Terry Rozier is playing his best basketball of the season, and the Hornets are peaking at the right time.
Since December, when Terry and many other Hornets battled COVID, he’s gotten consistently better each month: 16.4 points per game in December, 19.3 in January, 21.8 in February, and 22.8 in March. His FG% has increased each month, too, topping out in March at an excellent 49.7%.
Not coincidentally, this has been Charlotte’s best month as a team since October, as they ripped off a recent five-game winning streak en route to a current 8-3 mark for March. Rozier’s play is a bellwether for Charlotte: he shoots 51% in wins vs. just 39% in losses.
Star point guard LaMelo Ball is Charlotte’s engine, and forwards Miles Bridges and Gordon Hayward each get more attention, but Terry Rozier has nights where he looks like the Hornets’ most essential player. He possesses a jack-of-all-trades skillset that allows him to play a variety of styles both with and without the ball.
Synergy Sports shows an unusually diverse shot profile. Terry spends about equal amounts of time spotting up for bombs, getting out in transition, and running the pick and roll as a secondary ball-handler. He also is quite active off-ball, darting around screens and taking dribble hand-offs to shoot tightly-contested jumpers or slither into the paint.
He’s become adept at drifting to corners when defenders are ball-watching to get an open look, and one of the Hornets’ favorite sets involves him running to the paint before doubling back around a screening big man for a three:
Terry has incredible chemistry with center Mason Plumlee. Plumlee (a highly underrated passer) has almost half-again as many assists to Terry (54) as the next-closest player (Bridges, 37):
Terry even has a surprisingly effective isolation game when needed (in the 83rd percentile, according to Synergy Sports), which comes in handy for his regular late-game heroics.
Rozier was one of the NBA’s clutchest players last season, and although he hasn’t been as accurate in crunch time this season, he still leads the team in shot attempts within the last 5 minutes of close games. He’s never scared of the moment, and his ability to score from anywhere on the court, regardless of defenders, makes it easier for him to get a shot off than anyone else on the team:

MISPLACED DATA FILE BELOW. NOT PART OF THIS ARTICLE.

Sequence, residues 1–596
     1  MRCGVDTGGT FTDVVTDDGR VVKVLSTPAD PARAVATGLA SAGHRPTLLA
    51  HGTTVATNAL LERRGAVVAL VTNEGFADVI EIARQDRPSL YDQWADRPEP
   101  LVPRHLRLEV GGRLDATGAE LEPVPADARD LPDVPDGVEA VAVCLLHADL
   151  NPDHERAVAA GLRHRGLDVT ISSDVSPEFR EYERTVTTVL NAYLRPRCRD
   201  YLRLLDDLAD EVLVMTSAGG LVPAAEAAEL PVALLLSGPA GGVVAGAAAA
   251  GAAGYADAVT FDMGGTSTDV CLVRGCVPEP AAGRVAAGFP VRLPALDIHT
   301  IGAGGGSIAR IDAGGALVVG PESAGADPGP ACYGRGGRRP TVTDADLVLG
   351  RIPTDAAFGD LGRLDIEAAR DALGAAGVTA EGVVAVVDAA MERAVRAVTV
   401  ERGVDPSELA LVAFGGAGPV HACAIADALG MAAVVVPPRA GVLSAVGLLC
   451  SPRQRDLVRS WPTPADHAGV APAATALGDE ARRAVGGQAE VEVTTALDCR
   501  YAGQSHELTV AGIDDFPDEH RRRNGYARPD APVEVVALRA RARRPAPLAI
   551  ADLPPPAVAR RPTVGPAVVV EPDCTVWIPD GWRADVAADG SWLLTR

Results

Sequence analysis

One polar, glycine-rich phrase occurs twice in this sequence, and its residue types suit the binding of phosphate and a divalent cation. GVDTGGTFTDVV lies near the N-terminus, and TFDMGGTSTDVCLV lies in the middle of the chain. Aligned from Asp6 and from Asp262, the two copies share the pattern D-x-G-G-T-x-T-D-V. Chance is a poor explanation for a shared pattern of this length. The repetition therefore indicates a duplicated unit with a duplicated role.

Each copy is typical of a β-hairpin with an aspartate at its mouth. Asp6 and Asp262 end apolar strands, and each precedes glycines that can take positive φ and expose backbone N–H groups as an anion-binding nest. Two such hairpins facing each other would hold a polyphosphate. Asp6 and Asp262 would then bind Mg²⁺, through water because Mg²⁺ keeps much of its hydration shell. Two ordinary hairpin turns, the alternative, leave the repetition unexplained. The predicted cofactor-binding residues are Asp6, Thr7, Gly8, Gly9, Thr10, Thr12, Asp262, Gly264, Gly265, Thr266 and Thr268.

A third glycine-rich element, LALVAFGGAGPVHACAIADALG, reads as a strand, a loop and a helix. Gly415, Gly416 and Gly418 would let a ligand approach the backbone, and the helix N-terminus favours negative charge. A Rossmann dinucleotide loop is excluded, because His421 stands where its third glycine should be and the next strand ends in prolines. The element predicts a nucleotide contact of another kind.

Rozier is an acceptable finisher at the rim for a 6’2” guard and a good midrange shooter, but his biggest strength lies behind the arc. After struggling from outside early in his career, Rozier has emerged as a consistently accurate, high-volume marksman over the last few seasons. He’s tenth in the league in 3PA at 8.3 per game, and he’s hitting 38% of those shots; the only guy in the league more prolific and more accurate is Toronto’s Fred VanVleet.
But enough with the statistics and numbers! Rozier is about the vibe, man. Why would you shoot a three-pointer standing still when you could fade sideways instead?
Why do a normal behind-the-back dribble when you can put Shakespearean amounts of English on it?
Terry Rozier swashbuckles. He brings a feistiness to the Hornets that they need, a dose of personal swagger to complement LaMelo Ball’s flashy passes and Miles Bridges’ high-flying rim demolitions.
He talks endless amounts of trash, gets under opponents’ skins (just ask Eric Bledsoe about it), and never passes up an opportunity for a highlight.
Defensively, Rozier isn’t good, exactly, but he is active. He gets caught ball-watching and tends to gamble for steals. Like, where is he even going here?
Terry is better on-ball. Rozier loves to harass opposing point guards with constant swipes at the rock and hand checks, but he does a surprisingly good job of avoiding fouls.
Rozier has shown flashes of being a good guard defender, but he (and the rest of the Hornets, for that matter) probably needs a coach who will instill better discipline in him and curtail his worst instincts (sorry, James Borrego).
Defense is the problem with the Hornets in general. They’re 20th in the league on that side of the ball, which is actually an improvement since the beginning of the season. Even with their current strong play, they sit ninth in the East, and they will likely have to beat two other play-in teams to earn a spot in the real playoffs.
I hope they do! Watching basketball is about having fun, and no team is more fun than the Hornets. It’s hard to see them winning a seven-game series against the Heat or Bucks, but this is a young team on the rise. Rozier’s undeniable skill, inherent unpredictability, and unflappable swagger give the Hornets their sting.
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